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growing ever nearer, till at length it hung above them.
"Is that the ship _Margaret_?" cried their guide, and again a voice
"Then tell Master Castell that his daughter has come at last," he
shouted again, and in another minute a rope had been thrown to them, and
they were fast alongside a ladder on to which Betty, who was nearest to
it, was pushed the first, except for their guide, who had run up the
wooden steps very swiftly.
Betty, who was active and strong, followed him, Margaret coming next. As
she reached the deck Betty thought she heard a voice say in Spanish, of
which she understood something, "Fool! Why have you brought both?" but
the answer she could not catch. Then she turned and gave her hand to
Margaret, and together they walked forward to the foot of the mast.
"Lead me to my father," said Margaret.
Whereon the guide answered:
"Yes, this way, Mistress, but come alone, for the sight of two of you at
once may disturb him."
"Nay," she answered, "my cousin comes with me." And she took Betty's
hand and clung to it.
Shrugging his shoulders the sailor led them forwards, and as they went
she noted that men were hauling on a sail, while other men, who sang a
strange, wild song, worked on what seemed to be a windlass. Now they
reached a cabin, and entered it, the door being shut behind them. In the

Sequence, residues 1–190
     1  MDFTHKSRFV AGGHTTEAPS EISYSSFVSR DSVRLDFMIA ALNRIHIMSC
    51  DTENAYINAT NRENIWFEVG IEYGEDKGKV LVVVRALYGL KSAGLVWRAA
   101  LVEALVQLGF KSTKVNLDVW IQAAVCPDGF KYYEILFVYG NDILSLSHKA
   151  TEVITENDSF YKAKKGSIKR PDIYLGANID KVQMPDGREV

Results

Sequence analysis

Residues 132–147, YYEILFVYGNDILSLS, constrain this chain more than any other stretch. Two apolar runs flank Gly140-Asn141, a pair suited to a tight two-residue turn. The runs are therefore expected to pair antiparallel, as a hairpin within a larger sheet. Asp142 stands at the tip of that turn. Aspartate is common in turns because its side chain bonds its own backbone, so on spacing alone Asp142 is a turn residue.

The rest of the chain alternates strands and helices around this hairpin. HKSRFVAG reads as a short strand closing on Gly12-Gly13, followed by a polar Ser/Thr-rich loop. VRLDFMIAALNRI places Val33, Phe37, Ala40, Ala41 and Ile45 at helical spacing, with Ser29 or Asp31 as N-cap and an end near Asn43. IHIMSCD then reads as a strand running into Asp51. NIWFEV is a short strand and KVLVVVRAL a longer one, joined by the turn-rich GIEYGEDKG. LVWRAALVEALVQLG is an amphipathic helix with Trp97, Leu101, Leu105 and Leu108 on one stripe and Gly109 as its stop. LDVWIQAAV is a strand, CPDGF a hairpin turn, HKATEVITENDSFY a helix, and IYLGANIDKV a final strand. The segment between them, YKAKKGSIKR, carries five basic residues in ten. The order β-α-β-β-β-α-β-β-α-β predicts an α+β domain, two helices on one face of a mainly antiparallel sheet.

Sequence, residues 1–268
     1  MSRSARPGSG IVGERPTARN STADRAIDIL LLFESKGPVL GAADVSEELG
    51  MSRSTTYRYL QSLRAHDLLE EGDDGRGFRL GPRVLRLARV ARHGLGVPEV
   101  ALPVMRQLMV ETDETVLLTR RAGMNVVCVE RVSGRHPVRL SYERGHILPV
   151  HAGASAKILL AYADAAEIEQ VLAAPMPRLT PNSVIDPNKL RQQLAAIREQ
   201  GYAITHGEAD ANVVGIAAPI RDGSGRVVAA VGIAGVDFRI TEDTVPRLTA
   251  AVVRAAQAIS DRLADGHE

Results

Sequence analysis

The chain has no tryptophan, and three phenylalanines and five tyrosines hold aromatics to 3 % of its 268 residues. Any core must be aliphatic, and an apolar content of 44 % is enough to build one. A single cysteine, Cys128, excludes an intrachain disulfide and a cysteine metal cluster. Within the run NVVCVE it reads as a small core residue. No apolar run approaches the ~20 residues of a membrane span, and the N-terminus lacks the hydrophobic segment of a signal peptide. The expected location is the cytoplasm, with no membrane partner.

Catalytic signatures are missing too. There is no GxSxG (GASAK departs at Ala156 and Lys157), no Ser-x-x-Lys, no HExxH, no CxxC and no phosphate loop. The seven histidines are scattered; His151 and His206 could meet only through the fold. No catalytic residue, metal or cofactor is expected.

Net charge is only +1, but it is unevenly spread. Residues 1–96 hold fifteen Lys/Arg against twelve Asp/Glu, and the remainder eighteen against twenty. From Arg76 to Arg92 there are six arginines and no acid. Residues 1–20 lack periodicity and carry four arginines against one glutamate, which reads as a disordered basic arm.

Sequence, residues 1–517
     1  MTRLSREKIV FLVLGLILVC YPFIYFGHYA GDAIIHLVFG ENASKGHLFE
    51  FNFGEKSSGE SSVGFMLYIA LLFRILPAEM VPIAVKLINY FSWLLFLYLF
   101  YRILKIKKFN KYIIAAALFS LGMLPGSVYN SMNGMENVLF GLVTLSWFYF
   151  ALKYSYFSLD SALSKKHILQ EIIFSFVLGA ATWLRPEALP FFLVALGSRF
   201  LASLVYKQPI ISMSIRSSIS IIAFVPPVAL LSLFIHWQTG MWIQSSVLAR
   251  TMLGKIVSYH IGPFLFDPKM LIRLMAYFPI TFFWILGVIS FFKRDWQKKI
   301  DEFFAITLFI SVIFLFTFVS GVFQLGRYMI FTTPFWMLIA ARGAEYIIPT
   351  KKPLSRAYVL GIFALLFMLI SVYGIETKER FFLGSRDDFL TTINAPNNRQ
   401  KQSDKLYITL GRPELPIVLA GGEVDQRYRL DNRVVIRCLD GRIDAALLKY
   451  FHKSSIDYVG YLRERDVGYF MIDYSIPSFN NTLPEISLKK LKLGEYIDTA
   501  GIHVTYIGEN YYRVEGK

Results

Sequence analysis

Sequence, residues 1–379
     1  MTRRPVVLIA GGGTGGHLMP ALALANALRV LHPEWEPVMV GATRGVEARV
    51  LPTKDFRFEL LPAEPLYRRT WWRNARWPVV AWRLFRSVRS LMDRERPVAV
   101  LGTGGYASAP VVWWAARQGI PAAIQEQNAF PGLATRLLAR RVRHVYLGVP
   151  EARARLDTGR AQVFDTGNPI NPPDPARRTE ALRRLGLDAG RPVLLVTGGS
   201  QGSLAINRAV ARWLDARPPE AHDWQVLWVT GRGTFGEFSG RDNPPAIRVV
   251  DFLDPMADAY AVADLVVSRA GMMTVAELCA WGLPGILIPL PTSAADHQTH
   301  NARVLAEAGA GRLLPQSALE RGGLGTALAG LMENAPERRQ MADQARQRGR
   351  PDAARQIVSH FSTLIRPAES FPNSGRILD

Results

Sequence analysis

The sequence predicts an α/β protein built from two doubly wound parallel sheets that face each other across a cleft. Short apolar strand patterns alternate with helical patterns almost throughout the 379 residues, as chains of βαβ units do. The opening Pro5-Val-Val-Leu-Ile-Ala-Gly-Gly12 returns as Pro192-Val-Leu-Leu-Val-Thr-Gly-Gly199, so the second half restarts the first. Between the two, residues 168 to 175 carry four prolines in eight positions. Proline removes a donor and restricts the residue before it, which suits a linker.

cabin a man sat at a table with a lamp hanging over his head. He rose
and turned towards them, bowing, and Margaret saw that it
Betty stood silent; she had expected to meet him, though not here and
thus. Her foolish heart bounded so at the sight of him that she seemed
to choke, and could only wonder dimly what mistake had been made, and
how he would explain to Margaret and get her away, leaving herself and
him together to be married. Indeed, she searched the cabin with her eyes
to see where the priest was waiting, then noting a door beyond, thought
that doubtless he must be hidden there. As for Margaret, she uttered a
little stifled cry, then, being a brave woman, one of that high nature
which grows strong in the face of trouble, straightened herself to her
full height and said in a low, fierce voice:
"What do you here? Where is my father?"
"Senora," he answered humbly, "I am on board my ship, the _San Antonio_,
and as for your father, he is either on his ship, the _Margaret_, or
more likely, by now, at his house in Holborn."
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